Sunday, November 4, 2012


I've been saying it.
I've always been saying it.
Now, I'm not out on that limb alone.

I've always thought that painkillers get a bad rap. I will never deny that they're powerful and, in some cases, abused. I think that just goes with the territory.

I believe if your medical treatment involves opiates you must be responsible, vigilant and do so with the knowledge their capabilities and power. I've always said that if I thought I'd be out of pain by taking these, I'd be in a lot of trouble. They take the edge off of the unbearable pain but will not take it away. If I took enough to be out of pain I'd be a zombie. Now, a study has come out that states that these drugs may not be as addictive as once thought. 

Finally, a study that looks at addiction and physical dependence differently.

I know that when my pain doctor and I talked about opiates, I was concerned because of the addition of acetaminophen. That can cause liver damage if you use it long term. I asked about the oxycodone because it didn't have the addition of acetaminophen. He told me that I could be on that for years without the worry of damage. 

We talked about dependence.
I was worried about that.

He looked at my history and I'm a very low risk patient. I don't have a history of any alcohol or drug abuse and nothing in my emotional makeup that would indicate risk for addiction. I was told about the rules (sharing, doctor hopping, etc.) and signed my agreement. I've never asked for an increase or taken them in any other way than what I was prescribed.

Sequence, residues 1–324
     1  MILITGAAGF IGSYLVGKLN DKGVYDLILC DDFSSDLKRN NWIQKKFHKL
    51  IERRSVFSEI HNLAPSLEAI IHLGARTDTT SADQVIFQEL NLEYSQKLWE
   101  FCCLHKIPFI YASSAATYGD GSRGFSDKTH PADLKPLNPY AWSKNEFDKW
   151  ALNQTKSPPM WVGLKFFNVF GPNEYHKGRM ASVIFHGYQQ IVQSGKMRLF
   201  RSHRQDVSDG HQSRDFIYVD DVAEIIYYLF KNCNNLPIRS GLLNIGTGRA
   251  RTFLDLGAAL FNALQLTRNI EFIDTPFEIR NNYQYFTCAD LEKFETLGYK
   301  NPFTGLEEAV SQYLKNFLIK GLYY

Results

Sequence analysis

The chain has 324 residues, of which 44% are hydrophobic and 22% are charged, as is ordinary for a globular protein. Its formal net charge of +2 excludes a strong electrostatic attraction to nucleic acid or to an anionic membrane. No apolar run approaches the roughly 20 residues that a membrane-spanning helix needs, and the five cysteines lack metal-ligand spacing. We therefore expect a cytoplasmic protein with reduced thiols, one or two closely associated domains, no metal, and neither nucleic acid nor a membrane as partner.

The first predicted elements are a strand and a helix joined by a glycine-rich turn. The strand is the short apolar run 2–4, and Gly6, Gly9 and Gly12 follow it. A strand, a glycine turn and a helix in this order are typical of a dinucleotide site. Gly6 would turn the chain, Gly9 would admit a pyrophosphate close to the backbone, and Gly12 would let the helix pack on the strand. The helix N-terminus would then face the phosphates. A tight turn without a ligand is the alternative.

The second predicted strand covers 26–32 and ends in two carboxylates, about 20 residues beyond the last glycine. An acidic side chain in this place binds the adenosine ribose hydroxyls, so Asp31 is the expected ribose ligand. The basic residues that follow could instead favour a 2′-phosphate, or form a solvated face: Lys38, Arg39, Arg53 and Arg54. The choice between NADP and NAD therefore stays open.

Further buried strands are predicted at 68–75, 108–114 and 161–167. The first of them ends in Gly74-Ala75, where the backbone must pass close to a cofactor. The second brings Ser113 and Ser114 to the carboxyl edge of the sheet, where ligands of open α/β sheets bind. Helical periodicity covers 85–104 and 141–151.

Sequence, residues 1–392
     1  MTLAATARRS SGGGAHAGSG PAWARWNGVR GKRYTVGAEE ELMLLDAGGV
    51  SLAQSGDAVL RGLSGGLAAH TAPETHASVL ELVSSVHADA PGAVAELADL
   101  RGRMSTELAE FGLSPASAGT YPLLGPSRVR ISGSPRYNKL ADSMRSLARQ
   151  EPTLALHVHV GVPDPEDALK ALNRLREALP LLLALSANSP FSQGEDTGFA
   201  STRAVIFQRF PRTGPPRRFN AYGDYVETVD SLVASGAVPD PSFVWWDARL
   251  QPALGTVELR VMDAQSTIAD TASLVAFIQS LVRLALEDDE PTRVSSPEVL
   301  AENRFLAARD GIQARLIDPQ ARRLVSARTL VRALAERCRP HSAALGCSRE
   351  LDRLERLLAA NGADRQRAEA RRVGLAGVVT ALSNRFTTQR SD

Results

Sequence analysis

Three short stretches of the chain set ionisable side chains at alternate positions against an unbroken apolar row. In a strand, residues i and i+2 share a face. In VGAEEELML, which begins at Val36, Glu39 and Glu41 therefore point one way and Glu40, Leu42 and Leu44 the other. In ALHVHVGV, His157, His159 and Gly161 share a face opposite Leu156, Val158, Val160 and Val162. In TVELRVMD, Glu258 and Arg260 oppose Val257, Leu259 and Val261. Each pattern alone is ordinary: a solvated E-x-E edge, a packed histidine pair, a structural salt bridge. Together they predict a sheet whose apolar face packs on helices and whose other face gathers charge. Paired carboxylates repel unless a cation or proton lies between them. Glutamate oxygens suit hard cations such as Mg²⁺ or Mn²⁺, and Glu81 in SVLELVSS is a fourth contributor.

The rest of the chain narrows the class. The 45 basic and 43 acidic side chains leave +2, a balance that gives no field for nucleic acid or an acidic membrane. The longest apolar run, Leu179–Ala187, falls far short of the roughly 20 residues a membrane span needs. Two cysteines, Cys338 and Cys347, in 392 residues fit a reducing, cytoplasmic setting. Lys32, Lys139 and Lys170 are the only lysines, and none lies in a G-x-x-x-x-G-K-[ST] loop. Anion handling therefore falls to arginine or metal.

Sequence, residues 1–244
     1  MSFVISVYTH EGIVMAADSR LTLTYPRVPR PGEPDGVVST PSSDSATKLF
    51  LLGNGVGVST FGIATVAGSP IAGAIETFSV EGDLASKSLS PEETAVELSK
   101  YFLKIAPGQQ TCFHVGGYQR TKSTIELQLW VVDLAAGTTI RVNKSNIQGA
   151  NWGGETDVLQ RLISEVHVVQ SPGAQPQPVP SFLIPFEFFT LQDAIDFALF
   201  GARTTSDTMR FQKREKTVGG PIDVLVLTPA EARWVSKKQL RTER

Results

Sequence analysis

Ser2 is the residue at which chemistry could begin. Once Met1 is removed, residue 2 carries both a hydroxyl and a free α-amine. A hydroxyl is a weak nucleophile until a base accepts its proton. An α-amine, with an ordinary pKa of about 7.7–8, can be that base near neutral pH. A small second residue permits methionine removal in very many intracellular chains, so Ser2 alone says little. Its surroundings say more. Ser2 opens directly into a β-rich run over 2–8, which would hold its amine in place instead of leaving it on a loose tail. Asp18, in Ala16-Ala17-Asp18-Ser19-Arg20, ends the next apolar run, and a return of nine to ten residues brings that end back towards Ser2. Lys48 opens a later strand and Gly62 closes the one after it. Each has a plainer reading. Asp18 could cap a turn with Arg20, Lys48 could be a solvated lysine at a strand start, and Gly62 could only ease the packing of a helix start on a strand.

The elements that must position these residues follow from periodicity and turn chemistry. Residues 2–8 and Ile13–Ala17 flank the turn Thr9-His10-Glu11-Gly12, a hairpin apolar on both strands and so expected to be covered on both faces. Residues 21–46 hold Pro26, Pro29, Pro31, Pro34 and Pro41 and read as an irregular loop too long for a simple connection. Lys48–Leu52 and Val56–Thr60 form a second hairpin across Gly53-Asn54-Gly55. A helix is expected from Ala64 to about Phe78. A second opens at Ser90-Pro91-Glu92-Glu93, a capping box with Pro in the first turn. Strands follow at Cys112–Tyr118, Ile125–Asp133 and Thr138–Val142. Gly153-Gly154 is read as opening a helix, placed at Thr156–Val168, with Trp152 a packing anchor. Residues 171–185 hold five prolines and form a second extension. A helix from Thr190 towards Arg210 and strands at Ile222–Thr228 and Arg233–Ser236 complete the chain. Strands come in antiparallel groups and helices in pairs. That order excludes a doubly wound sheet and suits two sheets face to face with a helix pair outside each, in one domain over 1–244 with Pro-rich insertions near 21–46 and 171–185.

I think it makes sense.
If you give a bottle of painkillers to a drug addict, chances are there will be problems.

I do think it's important for your doctor to know what and how much is needed. I also think that you've got to be open and honest and let him know how these medications affect you and if it's helping you deal with the pain. He did tell me that I shouldn't expect to be out of pain. 

That's something I've never forgotten.

That's why I firmly believe that Fibromyalgia has subgroups. For me, pain has always been the main issue. Pain without depression. The muscle spasms that I have are helped immensely by the tizanadine. The tizanadine helps normalize the amount of Substance P in the spinal fluid. Maybe that's why it will help people like me.....pain without depression. Maybe Cymbalta helps those with pain but with depression. There's still something that nags me about the reason that there is no medication that helps all people with Fibromyalgia.

There needs to be an inter-disciplinary approach to pain. You can't throw medication at patients. There needs to be a team that works with us. From doctors to our yoga instructors.

So it's back to square one.

But things are looking up in the medication department.

It can't come too soon.

Here's the link.


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